posted: November 30, 2019
tl;dr: Syntax is not actually the major difference in these two implementations...
I recently had the pleasure of porting a devops script I originally wrote in Python, as a proof-of-concept, into NodeJS. I don’t often get the chance to rewrite a program in a new language. It’s a fun intellectual exercise, and offers a great opportunity to compare implementations head-to-head.
The script starts with the output of a web scraper, a directory tree containing all the site files: HTML, CSS, JS, and other assets. It traverses the site files and does some movement of the shared site resources, which requires adjusting links in the site files. It then packages the resulting files and directories into a specific file format used by another tool, which involves ZIPping various directories and then creating a single ZIP archive of everything.
The results by the numbers
|Lines of code||167||213|
|Script file size (bytes)||7470||8397|
|Number of files||1||2|
|Third-party dependencies (explicit)||0||2|
|Third-party dependencies (total)||0||6|
But the biggest difference in the implementation is not due to syntactical differences in the two languages. It instead results from Python’s richer, more powerful standard library that ships with the Python3 run-time environment.
When I write Python devops scripts, knowing that others may someday run them on their own machines, I always try to see if I can write the script by using only the Python standard library. That way, when the script is run on another machine, there is nothing else that needs to be installed. As long as the user has Python itself, the script should run. This can save a lot of hassles: installing dependencies can be fraught with unforeseen difficulties and conflicts.
For this task, the Python standard library provides everything needed, and there was no need to go to the Python Package Index to ‘pip install’ a third-party library. Python itself provides powerful libraries for file system manipulations, ZIP files, and even spawning other processes if there is a need to invoke other programs.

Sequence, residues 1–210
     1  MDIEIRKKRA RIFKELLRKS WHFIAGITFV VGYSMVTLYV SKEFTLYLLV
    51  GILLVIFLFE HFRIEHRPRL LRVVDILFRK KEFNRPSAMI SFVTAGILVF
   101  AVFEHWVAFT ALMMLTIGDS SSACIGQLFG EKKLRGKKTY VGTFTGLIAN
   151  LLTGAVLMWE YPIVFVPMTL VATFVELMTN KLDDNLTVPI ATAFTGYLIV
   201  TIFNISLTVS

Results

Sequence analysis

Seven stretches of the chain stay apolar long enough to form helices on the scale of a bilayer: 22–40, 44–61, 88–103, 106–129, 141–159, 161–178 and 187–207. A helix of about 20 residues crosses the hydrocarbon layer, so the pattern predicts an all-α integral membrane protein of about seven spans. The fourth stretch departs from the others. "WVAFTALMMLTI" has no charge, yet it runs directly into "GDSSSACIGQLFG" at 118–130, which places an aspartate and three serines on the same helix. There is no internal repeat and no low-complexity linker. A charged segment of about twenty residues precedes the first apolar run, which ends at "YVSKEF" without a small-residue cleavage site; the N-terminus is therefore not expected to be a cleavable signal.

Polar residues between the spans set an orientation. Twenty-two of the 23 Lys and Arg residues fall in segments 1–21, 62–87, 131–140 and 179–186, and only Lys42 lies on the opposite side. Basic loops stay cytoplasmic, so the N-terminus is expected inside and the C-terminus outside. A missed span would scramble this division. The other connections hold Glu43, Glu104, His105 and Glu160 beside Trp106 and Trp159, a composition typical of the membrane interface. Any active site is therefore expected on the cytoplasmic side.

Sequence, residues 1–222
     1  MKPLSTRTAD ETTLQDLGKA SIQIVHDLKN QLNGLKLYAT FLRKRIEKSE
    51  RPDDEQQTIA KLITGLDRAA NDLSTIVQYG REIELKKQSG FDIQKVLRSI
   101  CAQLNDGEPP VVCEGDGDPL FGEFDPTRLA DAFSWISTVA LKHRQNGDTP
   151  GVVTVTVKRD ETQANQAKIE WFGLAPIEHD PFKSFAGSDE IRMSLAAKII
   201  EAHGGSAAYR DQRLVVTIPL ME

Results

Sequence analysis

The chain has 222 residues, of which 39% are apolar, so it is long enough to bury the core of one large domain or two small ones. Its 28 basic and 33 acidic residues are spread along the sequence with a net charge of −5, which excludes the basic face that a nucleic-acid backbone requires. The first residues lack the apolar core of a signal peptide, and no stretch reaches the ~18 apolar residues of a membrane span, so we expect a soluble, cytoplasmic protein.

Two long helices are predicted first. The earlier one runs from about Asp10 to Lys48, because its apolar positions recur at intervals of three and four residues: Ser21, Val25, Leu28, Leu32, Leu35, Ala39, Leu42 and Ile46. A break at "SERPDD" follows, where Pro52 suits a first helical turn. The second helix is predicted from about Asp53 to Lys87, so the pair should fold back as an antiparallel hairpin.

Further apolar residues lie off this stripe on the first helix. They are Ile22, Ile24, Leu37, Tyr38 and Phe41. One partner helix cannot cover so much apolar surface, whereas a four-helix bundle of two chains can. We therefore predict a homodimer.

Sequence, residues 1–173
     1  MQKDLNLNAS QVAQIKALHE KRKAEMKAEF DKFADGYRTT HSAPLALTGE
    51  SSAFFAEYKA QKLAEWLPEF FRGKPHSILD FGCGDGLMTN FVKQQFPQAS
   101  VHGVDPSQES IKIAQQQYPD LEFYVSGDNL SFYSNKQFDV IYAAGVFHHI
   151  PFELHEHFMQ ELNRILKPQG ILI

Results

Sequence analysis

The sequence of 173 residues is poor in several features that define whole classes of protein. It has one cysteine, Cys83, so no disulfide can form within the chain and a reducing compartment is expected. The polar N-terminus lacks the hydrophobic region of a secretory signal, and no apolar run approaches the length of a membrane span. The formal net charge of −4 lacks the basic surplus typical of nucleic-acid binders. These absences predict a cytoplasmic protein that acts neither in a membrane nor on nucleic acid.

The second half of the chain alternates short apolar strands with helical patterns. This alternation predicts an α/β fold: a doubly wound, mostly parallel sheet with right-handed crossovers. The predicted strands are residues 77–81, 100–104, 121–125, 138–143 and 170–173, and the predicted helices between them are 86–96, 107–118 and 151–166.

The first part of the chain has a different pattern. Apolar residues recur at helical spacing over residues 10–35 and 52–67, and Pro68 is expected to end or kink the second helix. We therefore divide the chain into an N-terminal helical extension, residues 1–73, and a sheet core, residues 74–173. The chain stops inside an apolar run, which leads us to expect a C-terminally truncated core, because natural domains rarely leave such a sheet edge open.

I gave up when I realized that the ‘fs’ module doesn’t provide a way to move an entire directory with all its contents. This is a pretty common situation, and sure enough someone has extended the ‘fs’ module by creating fs-extra, which features a ‘fs.moveSync()’ function, which behaves very similarly to Unix’s ‘mv’ command. The usage stats for ‘fs-extra’ show it to be quite popular; perhaps the NodeJS folks will consider bringing it directly into NodeJS someday. Doing so would involve bringing in four other packages, as ‘fs-extra’, like many NodeJS modules on npm, itself has dependencies.
The other third party package I had to research, find, and use was adm-zip for creating ZIP files and archives. ZIP files have been around for decades, but they are not yet natively supported by NodeJS.
Having to rely upon third-party libraries introduces multiple challenges. Standard libraries are tested and supported by the core language development team; third-party libraries are of less certain quality. There are more stability and security issues with third-party libraries. Choosing the best third-party library can be hard; often there are multiple options. The quality of the documentation for third-party libraries varies and is typically not as good as the standard library. There are usually fewer blog posts, tutorials, and other learning materials available for third-party libraries. Third-party libraries can be extremely helpful, and I certainly used them in this NodeJS project, but if the functionality they provided was in the standard library, less work would be required to use them. Python’s “batteries included” standard library wins out, in this case.